This is the first attempt to use images appropriate for the mouse visual system for simulations of developing cortical receptive fields. Orientation selectivity is developed with lower acuity images, but cells are more broadly tuned and are tuned to lower spatial frequency (data not shown) as would be expected for the rodent visual system (Gordon and Stryker 1996; Metin et al. 1988).

Simulations of deprivation experiments and recovery

A major question posed by the experimental results of Fig. 2 is why there is such a difference between MS followed by BS and MS followed by DE. In this paper, we assume that these protocols differ in their input environment. We assume that in MS the input coming from the deprived eye is a significantly scaled-down and degraded version of the patterned input present in the nondeprived eye. Similarly, in BS, input from both eyes is degraded. We implement the degradation by convolving the inputs with a Gaussian blur filter and adding random noise (see methods for details). In contrast, we assume that, during DE, the activity in both channels is comprised entirely of random noise. Table 1 gives the properties of the pattern and noise in all of the deprivation protocols.

The simulated outcome of MS driven by degraded inputs (Fig. 5A) seems no different from the consequences deprivation resulting from uncorrelated noise. Despite the presence of structure in the retinal activity, the deprived contralateral eye is depressed, and the ratio between contra and ipsi responses (C/I) changes from 2 down to 1, as observed experimentally (Fig. 2A). This occurs because the open eye input has more structure than the deprived eye input and wins in the resulting competition between the two eyes. BCM theory has the property that there is competition between input patterns, with the neuron modifying its synapses to achieve maximal selectivity. As such, when the neuron is presented with an environment with two separate components, like the MS environment with degraded and nondegraded inputs, synapses will modify and the neuron will select the nondegraded inputs preferentially. Thus the results of MS can be achieved either with degraded inputs or with random noise in the deprived channel. However, as we show presently, the results of BS can be only achieved with degraded inputs.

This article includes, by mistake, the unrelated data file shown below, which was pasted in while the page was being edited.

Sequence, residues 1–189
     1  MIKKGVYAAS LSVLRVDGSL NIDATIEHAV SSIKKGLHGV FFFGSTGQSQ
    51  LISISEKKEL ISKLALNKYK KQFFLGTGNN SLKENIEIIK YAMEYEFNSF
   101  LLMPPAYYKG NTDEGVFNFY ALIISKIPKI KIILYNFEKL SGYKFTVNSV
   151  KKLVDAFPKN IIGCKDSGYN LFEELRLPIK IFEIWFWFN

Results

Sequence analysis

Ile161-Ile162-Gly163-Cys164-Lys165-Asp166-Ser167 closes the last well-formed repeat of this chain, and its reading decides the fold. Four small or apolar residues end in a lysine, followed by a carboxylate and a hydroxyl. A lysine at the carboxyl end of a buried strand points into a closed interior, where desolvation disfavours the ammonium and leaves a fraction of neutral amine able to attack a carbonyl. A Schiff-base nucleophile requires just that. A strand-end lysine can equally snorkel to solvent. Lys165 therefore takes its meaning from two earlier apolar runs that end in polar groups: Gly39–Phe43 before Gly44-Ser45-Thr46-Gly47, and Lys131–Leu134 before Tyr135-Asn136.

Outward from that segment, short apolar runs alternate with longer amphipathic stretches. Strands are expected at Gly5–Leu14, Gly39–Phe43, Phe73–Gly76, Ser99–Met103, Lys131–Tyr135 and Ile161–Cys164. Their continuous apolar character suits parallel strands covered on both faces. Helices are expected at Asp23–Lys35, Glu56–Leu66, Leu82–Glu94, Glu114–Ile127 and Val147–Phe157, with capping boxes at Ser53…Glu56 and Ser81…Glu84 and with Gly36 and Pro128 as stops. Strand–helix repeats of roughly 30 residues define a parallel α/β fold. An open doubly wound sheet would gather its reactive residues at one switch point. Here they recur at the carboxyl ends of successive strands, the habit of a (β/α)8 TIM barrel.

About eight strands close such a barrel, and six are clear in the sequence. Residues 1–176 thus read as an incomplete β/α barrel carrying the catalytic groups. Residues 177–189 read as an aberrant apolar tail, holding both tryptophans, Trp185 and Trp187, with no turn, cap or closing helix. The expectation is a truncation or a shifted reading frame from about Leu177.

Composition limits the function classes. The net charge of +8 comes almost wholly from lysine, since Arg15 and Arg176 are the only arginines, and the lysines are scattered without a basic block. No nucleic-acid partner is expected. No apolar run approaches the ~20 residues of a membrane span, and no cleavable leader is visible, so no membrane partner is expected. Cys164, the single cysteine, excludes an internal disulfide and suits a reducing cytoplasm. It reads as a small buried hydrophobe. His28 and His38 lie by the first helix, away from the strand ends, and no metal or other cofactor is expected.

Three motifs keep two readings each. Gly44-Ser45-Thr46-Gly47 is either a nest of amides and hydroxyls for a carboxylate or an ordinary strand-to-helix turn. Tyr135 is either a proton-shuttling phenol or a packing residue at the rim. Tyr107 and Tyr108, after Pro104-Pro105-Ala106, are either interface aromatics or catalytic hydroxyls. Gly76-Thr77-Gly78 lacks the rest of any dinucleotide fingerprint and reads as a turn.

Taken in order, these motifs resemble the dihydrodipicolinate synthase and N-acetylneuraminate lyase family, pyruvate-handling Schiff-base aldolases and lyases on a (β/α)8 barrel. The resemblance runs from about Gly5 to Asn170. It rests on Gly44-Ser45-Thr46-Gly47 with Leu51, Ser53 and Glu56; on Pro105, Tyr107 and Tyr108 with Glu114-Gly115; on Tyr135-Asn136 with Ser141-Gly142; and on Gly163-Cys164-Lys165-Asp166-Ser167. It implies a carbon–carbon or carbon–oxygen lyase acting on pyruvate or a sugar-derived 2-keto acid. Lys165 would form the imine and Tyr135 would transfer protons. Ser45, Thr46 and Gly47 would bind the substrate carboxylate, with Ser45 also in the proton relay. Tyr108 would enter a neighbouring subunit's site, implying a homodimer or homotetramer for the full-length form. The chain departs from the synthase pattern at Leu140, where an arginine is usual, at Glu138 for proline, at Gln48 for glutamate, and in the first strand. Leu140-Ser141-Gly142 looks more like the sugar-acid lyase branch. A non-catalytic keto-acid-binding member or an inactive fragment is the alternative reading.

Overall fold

FIG. 5.

Simulations of monocular deprivation and recovery. A: the contralateral bias is reduced during simulations of MS, in which the deprived channel is modeled as degraded and noisy patterned input. B: BS (2 degraded channels) does not alter the contralateral bias or absolute responsiveness. C: BS after MS results in a recovery of the deprived eye responses. D: DE does not alter the contralateral bias or absolute responsiveness. E: DE after MS does not result in a recovery of deprived eye responses.

BS following normal rearing seems to have little effect on absolute visual responsiveness (Fig. 5, B and C). However, a finer examination of the receptive fields shows us that they indeed change after BS (Fig. 6A) —they lose selectivity and respond to optimally to lower spatial frequencies because they become sensitive to the degraded structure in the binocularly deprived channels. However, when NR is followed by DE, the receptive fields do not change appreciably—they remain selective and responsive to the same optimal spatial frequency as normal mice (Fig. 6B). This is one of the testable predictions of this model.

FIG. 6.

Spatial frequency and orientation tuning of simulated cells after recovery. A: the optimal spatial frequency is reduced after BS compared with normal cells. DE results in no change in optimal spatial frequency. B: orientation tuning is reduced in BS and unchanged in DE compared with normal cells.

When 3 days of MS are followed by BS (Fig. 5C), we obtain a full recovery of the deprived eye responses. This is consistent with experimental results (Fig. 2D). In contrast, when MS is followed by DE, no recovery occurs (Fig. 5E), as observed experimentally. The recovery in the BS case occurs because the neuron retains the degraded structure in the deprived channels, in the absence of competition with a nondeprived channel. In contrast, during DE, there is no structure in the deprived input, and therefore responses cannot recover.